Sir Clive Woodward’s 2019 Rugby World Cup team-by-team guide: The lowdown on every team in Japan
- The 2019 World Cup is just a week away and it’s anyone’s guess who will triumph
- Wales and New Zealand are being tipped as favourites but who is going to win?
- SIR CLIVE WOODWARD has the lowdown on every team in the tournament
The Rugby World Cup is just round the corner and Sportsmail has everything you need to know.
SIR CLIVE WOODWARD has the lowdown on every team in the tournament in Japan.
The Rugby World Cup is just round the corner and Sportsmail has everything you need to know
Coach: Joe Schmidt.
Captain: Rory Best.
Most capped player: Best (119).
Best World Cup finishes: QFs in 1987, ’91, ’95, 2003, ’11, ’15.
Key man: James Ryan, a worldclass young lock and already a talisman for the team capable of inspiring those around him.
Rising star: Jordan Larmour. We have seen flashes of genius from the exciting Larmour but can he unpick tight, well-organised defences in the heat of Word Cup action?
Strengths: At their best have a ferocious pack and when Johnny Sexton and Conor Murray are buzzing they have world-class half-backs.
Weaknesses: Have not quite recovered mojo after mauling by England in Six Nations. Picking untested South African Jean Kleyn ahead of Devin Toner could unsettle the squad. Grudge match: QF with All Blacks is a possibility and these two have recent history, with Ireland winning two of their last three games.
Coach: Gregor Townsend. Captain: Stuart McInally. Most capped player: John Barclay (74). Best World Cup finish: SF 1991.
Key man: Finn Russell, a wonderfully gifted attacking player and always a joy to watch. He must remember though that there will be times when the routine or orthodox is what is needed, not a miracle play.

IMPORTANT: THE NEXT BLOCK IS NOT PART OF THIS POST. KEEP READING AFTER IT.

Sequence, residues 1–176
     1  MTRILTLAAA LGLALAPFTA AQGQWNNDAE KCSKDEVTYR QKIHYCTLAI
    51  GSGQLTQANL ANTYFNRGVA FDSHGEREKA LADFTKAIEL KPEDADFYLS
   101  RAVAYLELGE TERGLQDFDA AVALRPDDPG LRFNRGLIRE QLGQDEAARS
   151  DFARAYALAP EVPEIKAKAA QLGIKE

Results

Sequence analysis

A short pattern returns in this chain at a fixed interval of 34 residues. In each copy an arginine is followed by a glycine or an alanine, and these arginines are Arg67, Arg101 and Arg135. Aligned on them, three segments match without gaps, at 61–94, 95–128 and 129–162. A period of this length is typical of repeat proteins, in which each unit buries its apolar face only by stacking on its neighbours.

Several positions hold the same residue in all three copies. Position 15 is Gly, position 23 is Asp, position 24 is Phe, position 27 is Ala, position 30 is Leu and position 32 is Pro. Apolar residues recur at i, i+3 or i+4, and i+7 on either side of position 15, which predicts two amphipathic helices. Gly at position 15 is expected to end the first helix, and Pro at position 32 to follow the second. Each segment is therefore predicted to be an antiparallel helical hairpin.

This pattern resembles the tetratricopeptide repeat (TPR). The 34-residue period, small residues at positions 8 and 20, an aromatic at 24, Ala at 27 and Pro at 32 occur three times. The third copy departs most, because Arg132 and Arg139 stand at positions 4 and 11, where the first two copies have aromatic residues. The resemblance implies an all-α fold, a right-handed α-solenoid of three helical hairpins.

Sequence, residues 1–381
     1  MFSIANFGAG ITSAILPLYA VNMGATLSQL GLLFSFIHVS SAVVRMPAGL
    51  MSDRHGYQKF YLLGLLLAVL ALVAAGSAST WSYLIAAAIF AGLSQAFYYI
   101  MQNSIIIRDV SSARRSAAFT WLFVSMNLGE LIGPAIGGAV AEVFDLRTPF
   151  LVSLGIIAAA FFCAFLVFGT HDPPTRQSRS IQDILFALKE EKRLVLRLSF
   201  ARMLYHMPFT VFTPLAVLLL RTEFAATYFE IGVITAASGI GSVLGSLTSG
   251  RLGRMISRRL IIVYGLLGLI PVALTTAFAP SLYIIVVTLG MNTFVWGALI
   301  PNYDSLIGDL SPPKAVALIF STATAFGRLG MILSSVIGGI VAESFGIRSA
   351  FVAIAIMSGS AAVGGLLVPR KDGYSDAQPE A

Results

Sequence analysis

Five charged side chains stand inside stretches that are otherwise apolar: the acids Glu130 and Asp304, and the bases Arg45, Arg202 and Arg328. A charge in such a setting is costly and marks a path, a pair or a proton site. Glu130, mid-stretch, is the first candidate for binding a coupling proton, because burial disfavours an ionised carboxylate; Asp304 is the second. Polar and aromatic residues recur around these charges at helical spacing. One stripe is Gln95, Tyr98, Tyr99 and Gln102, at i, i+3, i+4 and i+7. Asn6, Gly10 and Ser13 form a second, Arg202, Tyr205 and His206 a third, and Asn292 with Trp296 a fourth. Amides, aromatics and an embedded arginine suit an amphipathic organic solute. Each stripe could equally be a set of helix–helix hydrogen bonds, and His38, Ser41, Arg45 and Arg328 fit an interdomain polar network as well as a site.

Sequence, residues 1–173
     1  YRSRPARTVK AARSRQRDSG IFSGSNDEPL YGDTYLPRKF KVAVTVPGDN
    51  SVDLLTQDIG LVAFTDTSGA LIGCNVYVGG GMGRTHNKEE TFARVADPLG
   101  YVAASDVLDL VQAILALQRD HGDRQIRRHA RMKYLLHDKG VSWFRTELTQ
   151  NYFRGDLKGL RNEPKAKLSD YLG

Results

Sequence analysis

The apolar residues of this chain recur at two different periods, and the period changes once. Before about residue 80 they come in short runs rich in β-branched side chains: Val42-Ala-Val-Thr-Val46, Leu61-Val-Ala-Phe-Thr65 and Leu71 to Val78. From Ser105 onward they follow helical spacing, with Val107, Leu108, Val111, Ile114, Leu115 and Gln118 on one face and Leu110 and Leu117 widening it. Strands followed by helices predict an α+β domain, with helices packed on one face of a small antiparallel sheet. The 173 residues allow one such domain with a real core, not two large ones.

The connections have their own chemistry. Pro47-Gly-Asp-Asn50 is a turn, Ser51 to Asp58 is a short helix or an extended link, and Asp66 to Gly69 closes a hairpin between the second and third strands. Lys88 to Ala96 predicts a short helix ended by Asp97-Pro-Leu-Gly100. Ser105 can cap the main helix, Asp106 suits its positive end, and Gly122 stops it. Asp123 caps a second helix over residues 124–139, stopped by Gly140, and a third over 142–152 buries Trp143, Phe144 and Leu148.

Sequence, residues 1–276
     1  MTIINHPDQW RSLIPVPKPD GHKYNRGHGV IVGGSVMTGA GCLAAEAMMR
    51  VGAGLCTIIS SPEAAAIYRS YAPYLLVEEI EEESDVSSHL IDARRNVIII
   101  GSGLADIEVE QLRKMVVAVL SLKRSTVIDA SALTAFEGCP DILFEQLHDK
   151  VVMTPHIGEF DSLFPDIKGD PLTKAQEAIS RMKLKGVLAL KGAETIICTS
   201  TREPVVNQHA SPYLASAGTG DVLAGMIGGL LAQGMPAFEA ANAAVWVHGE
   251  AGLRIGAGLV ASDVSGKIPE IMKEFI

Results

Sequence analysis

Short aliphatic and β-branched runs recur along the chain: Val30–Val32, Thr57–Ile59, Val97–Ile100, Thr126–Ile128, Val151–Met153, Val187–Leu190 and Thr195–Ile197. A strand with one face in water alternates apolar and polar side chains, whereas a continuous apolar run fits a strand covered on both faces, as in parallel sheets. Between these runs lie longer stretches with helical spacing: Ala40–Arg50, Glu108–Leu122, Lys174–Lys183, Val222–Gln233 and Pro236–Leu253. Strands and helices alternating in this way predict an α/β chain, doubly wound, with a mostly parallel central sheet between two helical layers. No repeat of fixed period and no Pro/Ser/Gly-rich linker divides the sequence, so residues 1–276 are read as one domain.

Rising star: Blair Kinghorn, strong and fast on the wing with a nose for tries, also a long-range goal-kicker in the mould of Elliott Daly.
Strengths: Capable of playing the game at an incredible tempo and scoring special tries. But they have to maintain that intensity.
Weaknesses: They must ‘own’ their set-piece ball. You can have all the attacking ability you want but at top level that counts for little unless you can secure your share of possession.
Grudge match: Scotland have lost — often heavily — 10 of their last 11 games against Ireland. Let battle commence!
Some fans arrived at the New Zealand team base bearing gifts for coach Steve Hansen
Coach: Jamie Joseph. Captain: Michael Leitch. Most capped player: Fumiaki Tanaka (70). Best World Cup finishes: 3rd in pool in 2015.
Key man: Leitch is a world-class openside and skipper. Rising star: Timothy Lafaele, classy NZ-born centre. Strengths: Speed, agility, superb handling, never-say-die attitude.
Weaknesses: Can still struggle at lineout and in close quarters.
Grudge match: Samoa are bitter rivals from Pacific Nations Cup.
Coach: Lyn Jones.
Captain: Vasily Artemyev.
Most capped player: Yuri Kushnarev (109). Best World Cup finishes: Pool stage 2011. Key man: Ex-Sale lock Andrei Ostrikov. Rising star: Sale prop Valery Morozov. Strengths: Muscular pack.
Weaknesses: Inexperienced, lacking Test match fitness, pedestrian backs. Grudge match: Would be Georgia but they can only meet them in semis! Samoa Coach: Steve Jackson. Captain: Chris Vui.
Most capped player: Tusi Pisi (40). Best World Cup finishes: QF in 1991 and ’99. Key man: Tim Nanai- Williams — cousin of All Black Sonny Bill — is their most dangerous back. Rising star: Michael Alaalatoa. Strengths: Enjoy a confrontation.
Weaknesses: Often underperform against opposition they should beat. Grudge match: If they encounter ENGLAND South Africa it will be high-octane.
Coach: Steve Hansen. Captain: Kieran Read. Most capped player: Read (121). Best World Cup finishes: Winners 1987, 2011, ’15.
Key man: Tempting to say Beauden Barrett, their best player, but actually the man who cements the backs together is Sonny Bill Williams.
Rising star: Richie Mo’unga, a quality new No10 but it’s his goal-kicking New Zealand need most.
Strengths: Capable of playing quicker for longer than any other side. After fraught years in the Nineties and Noughties have also mastered the art of resting key players, just getting the job done.
Weaknesses: Very few, but lost occasional matches through goal kicking, hence spotlight on Mo’unga.
Grudge match: Every match is a grudge match, so they have to match that intensity every time.